A cooperation-based approach must revolve around five components, including border security, counterterrorism, economic cooperation, joint transnational engagements, and people-to-people contacts. All these components should amalgamate with each other, and a constant review must be part of the policy.

For the security and counterterrorism components, a bilateral engagement formula was agreed upon between Afghanistan and Pakistan in 2018 called the Afghanistan-Pakistan Action Plan for Peace and Solidarity (APAPPS). The initiative’s primary focus was on taking effective action against fugitives and irreconcilable elements posing security threats to either of the two countries. Both sides agreed that the two countries shall avoid violations, whether aerial or otherwise, of each other’s territory, apart from avoiding blame games.

It is understandable that APAPPS was not rigorously implemented by both sides at that time, but with the Taliban regime it is a different scenario, and the initiative can be revamped on the pattern of the Doha agreement between the Taliban and the US. The bilateral and transnational economic engagement was an old dream of the Pakistani establishment, which needs to be rationalised according to changing geopolitics.

However, people-to-people contact should be a vital component of the policy and built around something other than the old mantra of religious, cultural, and historical ties between the two countries. The component should be developed on a framework of confidence-building measures and practical cooperation among the citizens of the two countries. Offering education to female students in Khyber Pakhtunkhwa and Balochistan universities would not be a culture shock for Afghan students. The new public universities in bordering regions can take up the task effectively. It will have multiple advantages, from meeting the financial needs of the suffering public universities to enhancing Pakistan’s international image. Similarly, revamping the idea of setting up trade centres and medical cities along the border is also important for both sides. It will not only help Afghan citizens get better health facilities but also reduce the appeal of the terrorist organisations in these areas, apart from other multiple advantages.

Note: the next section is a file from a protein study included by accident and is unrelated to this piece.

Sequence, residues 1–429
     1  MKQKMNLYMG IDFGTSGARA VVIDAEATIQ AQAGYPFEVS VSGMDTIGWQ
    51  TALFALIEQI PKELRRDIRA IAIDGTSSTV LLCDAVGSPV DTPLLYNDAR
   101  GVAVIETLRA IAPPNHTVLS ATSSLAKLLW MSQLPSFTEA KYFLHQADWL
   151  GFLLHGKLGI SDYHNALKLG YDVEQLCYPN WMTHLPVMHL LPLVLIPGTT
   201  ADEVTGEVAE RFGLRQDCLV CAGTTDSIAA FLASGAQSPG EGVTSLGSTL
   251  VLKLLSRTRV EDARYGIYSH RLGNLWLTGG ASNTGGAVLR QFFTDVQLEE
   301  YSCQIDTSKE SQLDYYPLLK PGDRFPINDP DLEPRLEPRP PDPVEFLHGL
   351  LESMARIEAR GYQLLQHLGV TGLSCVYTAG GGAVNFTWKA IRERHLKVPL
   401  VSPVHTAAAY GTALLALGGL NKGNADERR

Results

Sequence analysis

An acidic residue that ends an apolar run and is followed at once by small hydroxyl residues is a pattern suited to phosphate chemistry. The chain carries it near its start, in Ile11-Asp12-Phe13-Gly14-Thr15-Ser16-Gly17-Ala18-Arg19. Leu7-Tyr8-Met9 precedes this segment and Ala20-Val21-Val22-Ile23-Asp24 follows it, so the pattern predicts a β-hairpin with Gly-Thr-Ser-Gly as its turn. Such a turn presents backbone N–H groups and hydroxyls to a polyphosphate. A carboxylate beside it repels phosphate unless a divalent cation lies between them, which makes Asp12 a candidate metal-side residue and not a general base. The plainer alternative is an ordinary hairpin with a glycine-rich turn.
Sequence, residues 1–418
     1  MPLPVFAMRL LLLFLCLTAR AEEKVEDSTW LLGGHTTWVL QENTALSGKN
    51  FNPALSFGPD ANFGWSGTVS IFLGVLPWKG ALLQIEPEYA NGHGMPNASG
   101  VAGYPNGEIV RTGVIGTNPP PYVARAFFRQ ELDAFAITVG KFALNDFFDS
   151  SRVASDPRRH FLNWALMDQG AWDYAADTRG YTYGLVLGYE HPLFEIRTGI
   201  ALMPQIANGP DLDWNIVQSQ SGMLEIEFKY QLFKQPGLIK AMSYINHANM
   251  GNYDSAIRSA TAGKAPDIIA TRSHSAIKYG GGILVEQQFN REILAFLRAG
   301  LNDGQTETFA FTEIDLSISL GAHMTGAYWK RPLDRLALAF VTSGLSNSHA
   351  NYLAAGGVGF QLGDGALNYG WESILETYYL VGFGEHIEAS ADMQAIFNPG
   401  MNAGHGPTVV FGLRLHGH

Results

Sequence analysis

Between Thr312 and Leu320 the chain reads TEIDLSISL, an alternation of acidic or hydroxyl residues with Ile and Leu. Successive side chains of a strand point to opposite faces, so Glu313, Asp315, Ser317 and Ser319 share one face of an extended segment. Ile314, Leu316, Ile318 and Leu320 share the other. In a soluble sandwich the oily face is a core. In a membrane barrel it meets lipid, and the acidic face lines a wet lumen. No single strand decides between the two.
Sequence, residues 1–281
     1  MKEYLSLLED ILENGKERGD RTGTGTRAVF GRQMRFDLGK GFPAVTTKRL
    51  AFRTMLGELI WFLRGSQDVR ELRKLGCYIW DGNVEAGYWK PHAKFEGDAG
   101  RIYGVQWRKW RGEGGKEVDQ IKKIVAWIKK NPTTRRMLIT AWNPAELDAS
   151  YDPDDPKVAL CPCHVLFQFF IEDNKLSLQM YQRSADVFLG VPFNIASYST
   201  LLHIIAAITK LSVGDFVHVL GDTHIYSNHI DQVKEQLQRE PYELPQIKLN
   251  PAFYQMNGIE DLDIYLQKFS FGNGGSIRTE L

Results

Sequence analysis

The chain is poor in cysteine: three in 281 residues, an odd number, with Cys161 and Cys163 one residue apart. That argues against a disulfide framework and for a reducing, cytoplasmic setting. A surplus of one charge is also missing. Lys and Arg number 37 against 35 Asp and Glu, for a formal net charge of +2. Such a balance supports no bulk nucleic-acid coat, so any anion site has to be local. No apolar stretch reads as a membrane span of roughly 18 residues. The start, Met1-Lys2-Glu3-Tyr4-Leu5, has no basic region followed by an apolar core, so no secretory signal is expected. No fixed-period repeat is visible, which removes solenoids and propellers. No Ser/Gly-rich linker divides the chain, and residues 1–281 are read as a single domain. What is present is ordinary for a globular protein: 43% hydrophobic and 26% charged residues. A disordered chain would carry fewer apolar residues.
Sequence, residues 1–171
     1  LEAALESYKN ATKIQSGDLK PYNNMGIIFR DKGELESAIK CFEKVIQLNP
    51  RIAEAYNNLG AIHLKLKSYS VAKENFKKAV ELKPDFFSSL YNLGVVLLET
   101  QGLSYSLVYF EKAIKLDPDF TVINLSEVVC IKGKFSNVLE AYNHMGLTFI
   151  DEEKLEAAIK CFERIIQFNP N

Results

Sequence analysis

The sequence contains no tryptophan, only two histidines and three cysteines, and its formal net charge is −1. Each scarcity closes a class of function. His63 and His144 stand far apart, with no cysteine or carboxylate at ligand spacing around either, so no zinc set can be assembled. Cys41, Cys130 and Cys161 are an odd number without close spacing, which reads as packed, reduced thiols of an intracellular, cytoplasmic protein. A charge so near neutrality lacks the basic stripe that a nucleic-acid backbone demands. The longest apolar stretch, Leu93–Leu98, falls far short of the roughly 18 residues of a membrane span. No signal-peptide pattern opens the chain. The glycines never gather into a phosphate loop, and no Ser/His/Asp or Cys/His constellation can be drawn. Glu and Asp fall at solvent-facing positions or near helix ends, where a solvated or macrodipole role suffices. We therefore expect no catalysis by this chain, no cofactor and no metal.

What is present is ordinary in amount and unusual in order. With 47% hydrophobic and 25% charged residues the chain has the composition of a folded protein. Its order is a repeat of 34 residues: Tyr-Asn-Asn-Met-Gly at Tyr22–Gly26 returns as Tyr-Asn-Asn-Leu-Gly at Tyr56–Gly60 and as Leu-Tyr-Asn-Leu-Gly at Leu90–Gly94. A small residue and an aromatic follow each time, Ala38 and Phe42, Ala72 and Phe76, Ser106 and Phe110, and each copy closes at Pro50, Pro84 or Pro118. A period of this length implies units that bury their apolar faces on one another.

Most crucial is that bilateral engagement should be done through formal diplomatic, political, and strategic channels rather than through informal channels using tribal elders or religious scholars. The clergy and tribal connections can be used only for confidence-building measures, and their formal engagement in any security-related issue must be avoided. The TTP and other militant groups have found their supporters among them, which usually side with them rather than the state.

The policy should not have any favourites across the political spectrum within the Taliban and beyond.

The question is, who should frame the new Afghan policy? It is often advocated that parliament should take the lead in policy formulation, but the state of the current parliament is well known, and it would act, at most, as a rubber stamp of the establishment. There is a need for a broader consultation among political parties, civil society, and security institutions.

The writer is a security analyst.

Published in Dawn, January 8th, 2023